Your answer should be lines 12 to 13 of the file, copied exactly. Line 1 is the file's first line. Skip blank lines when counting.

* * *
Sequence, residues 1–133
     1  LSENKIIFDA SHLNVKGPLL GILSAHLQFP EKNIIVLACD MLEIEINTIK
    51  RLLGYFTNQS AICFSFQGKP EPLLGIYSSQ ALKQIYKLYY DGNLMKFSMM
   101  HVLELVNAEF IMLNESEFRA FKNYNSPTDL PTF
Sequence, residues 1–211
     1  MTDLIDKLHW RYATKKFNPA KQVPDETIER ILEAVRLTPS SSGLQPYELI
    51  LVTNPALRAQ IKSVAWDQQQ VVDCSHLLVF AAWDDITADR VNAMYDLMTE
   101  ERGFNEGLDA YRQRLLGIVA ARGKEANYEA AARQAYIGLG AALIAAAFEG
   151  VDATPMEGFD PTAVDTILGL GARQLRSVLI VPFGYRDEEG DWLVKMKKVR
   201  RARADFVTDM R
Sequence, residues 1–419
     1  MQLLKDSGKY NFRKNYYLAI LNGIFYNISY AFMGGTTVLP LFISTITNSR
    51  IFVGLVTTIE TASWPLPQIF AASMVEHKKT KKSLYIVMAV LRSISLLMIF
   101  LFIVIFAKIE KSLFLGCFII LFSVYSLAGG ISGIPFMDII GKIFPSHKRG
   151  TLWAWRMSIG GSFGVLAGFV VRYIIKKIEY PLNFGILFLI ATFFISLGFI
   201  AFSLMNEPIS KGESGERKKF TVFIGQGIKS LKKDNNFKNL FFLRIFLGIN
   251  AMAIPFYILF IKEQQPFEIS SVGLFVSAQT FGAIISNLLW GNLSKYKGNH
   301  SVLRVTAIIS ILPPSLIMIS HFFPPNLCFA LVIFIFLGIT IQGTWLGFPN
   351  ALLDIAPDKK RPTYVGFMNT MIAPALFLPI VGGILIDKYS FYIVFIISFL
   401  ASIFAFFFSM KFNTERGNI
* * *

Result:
     1  MQLLKDSGKY NFRKNYYLAI LNGIFYNISY AFMGGTTVLP LFISTITNSR
    51  IFVGLVTTIE TASWPLPQIF AASMVEHKKT KKSLYIVMAV LRSISLLMIF